If you give seminars, webinars, etc., and you provide great value, this could (and should) lead to a lucrative referral pipeline. But like anything else, you must consciously cultivate the referrals. Include extra business cards or coupons in the seminar package and on your evaluation questionnaire, specifically ask if there is somebody the participant knows that could use your services or should receive a discount coupon for the next seminar. Ask and you shall receive. I read that somewhere!
Some of the best referral sources you have available are from those that provide your company professional services. You’re their client, so they’re naturally inclined to provide extra value. They also have a great deal of insight into the work you do and your success. Examples are:
- Leasing agents
- Commercial real estate broker
Secondary sources that could surprise you are:
- Regular delivery people
- Vendor contacts; office supplies, hardware, etc.
- Cleaning services; contact the managers or owners
Cultivate and groom these sources of referrals. Behave professionally in all of your interactions with them. Keep them informed on new clients, products and services, press and so on. Supply them with business cards and actively ask for referrals.
Other Referral Sources
There are other referrals sources that may have already generated business for you without having a formal referral system in place:
- Members of your church
- Prospects – If they don’t buy, ask for a referral
- Members of other organizations you’re associated with – school, political, etc.
When to Ask for Referrals
You should always be asking for referrals if you deliver a quality product or service. Consistency is important in asking. There are times when you’ll get better results than others. Here are some guidelines for when to ask for referrals:
- After signing a contract.
- Periodically with a letter, e.g., once a quarter
- When successfully completing a project and your client signs the final approval.
- When a prospect turns you down. Guilt is a beautiful thing!
- When you’re doing a client satisfaction survey.
- When you’re calling an inactive client.
- When you’re calling an active client.
If you’re unclear on how to ask for a referral, here are some variations to try:
“It was a real pleasure working with you and I look forward to our next project together. In the meantime, if you know somebody that needs quality software development services, I hope that you pass on what a good experience you had with our company and have them give us a call.”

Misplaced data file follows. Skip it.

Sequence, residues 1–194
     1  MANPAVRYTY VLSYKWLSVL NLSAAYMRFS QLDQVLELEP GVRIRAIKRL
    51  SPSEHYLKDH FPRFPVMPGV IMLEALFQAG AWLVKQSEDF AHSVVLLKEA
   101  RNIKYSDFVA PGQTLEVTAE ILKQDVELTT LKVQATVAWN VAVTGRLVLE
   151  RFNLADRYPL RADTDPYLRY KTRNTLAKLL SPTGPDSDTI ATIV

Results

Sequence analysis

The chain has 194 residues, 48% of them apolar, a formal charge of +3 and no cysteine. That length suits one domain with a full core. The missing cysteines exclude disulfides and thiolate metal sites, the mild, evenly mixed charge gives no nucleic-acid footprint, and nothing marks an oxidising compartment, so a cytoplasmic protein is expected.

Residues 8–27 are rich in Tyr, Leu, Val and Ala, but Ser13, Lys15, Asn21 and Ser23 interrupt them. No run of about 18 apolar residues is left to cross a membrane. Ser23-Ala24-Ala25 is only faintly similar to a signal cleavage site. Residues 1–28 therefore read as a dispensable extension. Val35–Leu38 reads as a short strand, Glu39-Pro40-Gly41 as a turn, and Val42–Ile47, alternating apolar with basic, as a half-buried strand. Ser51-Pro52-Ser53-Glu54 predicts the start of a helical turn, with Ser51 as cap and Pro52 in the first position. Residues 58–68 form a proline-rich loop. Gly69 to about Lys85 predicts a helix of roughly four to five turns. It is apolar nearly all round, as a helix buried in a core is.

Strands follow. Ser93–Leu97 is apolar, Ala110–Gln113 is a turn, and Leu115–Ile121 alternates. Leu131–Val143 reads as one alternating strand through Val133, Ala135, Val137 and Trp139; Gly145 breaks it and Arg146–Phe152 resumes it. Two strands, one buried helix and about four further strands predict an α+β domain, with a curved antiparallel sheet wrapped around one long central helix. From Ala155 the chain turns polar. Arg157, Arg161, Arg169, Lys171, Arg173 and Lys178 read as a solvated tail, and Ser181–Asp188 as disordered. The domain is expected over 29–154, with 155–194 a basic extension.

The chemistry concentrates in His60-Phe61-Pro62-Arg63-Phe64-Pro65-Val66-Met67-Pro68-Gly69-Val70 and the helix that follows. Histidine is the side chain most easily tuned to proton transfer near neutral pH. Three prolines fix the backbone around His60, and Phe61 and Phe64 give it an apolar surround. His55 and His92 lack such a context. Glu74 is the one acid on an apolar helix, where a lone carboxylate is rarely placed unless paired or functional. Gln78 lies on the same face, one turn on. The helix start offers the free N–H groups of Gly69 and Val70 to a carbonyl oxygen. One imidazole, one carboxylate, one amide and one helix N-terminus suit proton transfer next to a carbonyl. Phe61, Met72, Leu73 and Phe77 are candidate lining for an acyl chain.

“I’m glad things are going well for you. Do you have any acquaintances that might need my company’s services?”
Keep Them Informed
You should keep the referral source informed during the early part of the new relationship with the referral they gave you. You’ll get a sense of the frequency, but at least make a call and tell the source “Thank you” for the referral. Inform them that you’ve met, started a contract and then simply ask them if they want to stay informed on their referral.
You should make it part of the process to send a letter thanking the referral source. It’s polite and prudent. If it makes sense, you can send them a credit for your services, a dinner for two or tickets to a ball game. Show your appreciation!
Motivating Referral Sources
Motivating the referral source depends on the kind of relationship you have with them. If it’s an existing client, it may be as simple as just providing stellar service and actively requesting the referral. For vendors and professional relationships, setting up a formal commission that is attractive is more effective.
And don’t forget to give referrals yourself. This is where you begin, by giving first! If you can comfortably recommend a company, you’ll build reciprocation credits and it doesn’t take a lot of effort on your part. The key is to refer only businesses that can really deliver (they’re referral ready) and then make sure you follow-up with the person you passed the referral to, to see how the relationship is going.